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Stimulus cash helped local economy

November 9, 2010
By Richard Clark

ESCANABA - It is a tribute to our form of government that such a one sided shift in government could take place last week in a peaceful manner. We wish Republicans well, as the welfare of our state depends upon their ability to bring Michigan's economy to life.

To meet its own standard the GOP will need to turn Michigan's economy around in two years. It has called the president's policies failed after only 22 months in office.

The American Recovery and Reinvestment Act, sometimes called stimulus money, supplemented state and local government shortfalls for about 20 months but ends this year.

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Richard Clark

Saying ARRA was a budget buster the GOP used it as punching bag in this election cycle. Becoming fiscally careful came late to the GOP.

It supported President Bush's $700 billion TARP bailout of financial institutions, and his $1 trillion discretionary with Iraq War.

Bush policies took a budget that was in the black at the end of President Clinton's term and and added about $5 trillion to the national debt, more than all of his predecessors combined.

ARRA brought 28 Michigan state troopers back to work this year. ARRA support education in Delta County by providing $2 million to Escanaba Schools, a little over $1 million to Gladstone, over $200,000 to Rapid River and about $500,000 Bark River.

Local companies were awarded contracts, for example shows Basic Marine with a $1.4 million contract as part of the ARRA.

ARRA helped charitable organizations such as the Salvation Army, the Alliance Against Violence and Abuse, Community Action, and the Escanaba Housing Commission.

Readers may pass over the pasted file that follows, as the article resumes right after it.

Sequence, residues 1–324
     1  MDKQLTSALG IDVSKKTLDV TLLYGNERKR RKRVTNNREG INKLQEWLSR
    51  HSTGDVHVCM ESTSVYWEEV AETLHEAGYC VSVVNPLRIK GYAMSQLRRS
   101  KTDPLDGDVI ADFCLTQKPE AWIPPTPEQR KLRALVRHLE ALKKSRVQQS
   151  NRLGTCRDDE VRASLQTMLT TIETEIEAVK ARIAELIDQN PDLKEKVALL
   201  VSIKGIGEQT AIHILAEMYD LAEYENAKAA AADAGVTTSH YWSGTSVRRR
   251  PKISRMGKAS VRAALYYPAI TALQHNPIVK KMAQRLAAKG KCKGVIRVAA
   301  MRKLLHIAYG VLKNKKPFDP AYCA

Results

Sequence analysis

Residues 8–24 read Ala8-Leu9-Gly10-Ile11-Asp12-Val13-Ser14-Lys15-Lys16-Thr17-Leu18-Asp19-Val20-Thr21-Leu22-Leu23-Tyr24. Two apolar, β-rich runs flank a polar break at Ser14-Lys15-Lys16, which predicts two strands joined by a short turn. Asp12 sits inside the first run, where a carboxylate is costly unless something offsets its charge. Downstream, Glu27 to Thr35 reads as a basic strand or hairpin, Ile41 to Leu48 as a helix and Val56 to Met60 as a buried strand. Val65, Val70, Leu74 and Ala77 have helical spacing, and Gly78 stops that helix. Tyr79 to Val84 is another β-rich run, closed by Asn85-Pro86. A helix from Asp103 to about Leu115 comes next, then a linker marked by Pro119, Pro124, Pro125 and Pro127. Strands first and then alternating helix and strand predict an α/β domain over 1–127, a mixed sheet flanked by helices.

The newly elected Republicans to Congress have vowed to repeal the new health care reform.

Dr. Benishek said he opposes health care reform because bureaucrats will make medical decisions. The law says no such thing and in many instances prevents insurance company bureaucrats from making profit-based medical decisions.

Health care reform does give Americans a chance to be insured although it does not guarantee as good a plan our new Congressman will have at public expense.

It would be a good start for new members of Congress to visit, the Kaiser Foundation's website. Kaiser is a non-profit that collects and presents information on health care.

When Dr. Benishek reads the health care law he plans to repeal he will be surprised.

The first effect of repeal will be a tax increase. Huh, you may think taxes were an anathema to the new representative?

Beginning Jan. 1, 2010, business with 25 or fewer employees receive tax credits up to 35 percent on premiums they pay for employee health insurance. In 2014 the tax credit increases to 50 percent.

Dr. Benishek's promised action would increase the tax burden for small businesses that provide health insurance. The Congressional Budget Office says the new reform will reduce the federal budget over 10 years.

The health care reform law establishes insurance reform by regulating the way insurance companies can treat their policy holders.

This year the health care reform prohibits health plans from placing lifetime limits on coverage and from denying children coverage based on pre-existing conditions. Excess premiums will be rebated to policy holders.

Insurance companies must provide free preventative care with their policies. It is an extension of the adage that a stitch in time saves nine. So far no bureaucrats make medical decisions.

2011 begins closing the donut hole in Medicare prescription coverage. It requires pharmaceutical companies to give discounts on drugs. It should save seniors travel expenses for trips to Mexico and Canada to obtain their life-saving drugs.

In 2011 the law authorizes $50 million for five-year demonstration grants to states to develop, implement, and evaluate alternatives to medical malpractice suits.

I can't blame the new guys for not reading the bills they didn't pass, but now they can put aside rhetoric, read the law, read the CBO's analysis, perhaps visit and make decisions based on fact.


EDITOR'S NOTE - Richard Clark, Escanaba, practices personal injury law throughout the Upper Peninsula. He can be reached at



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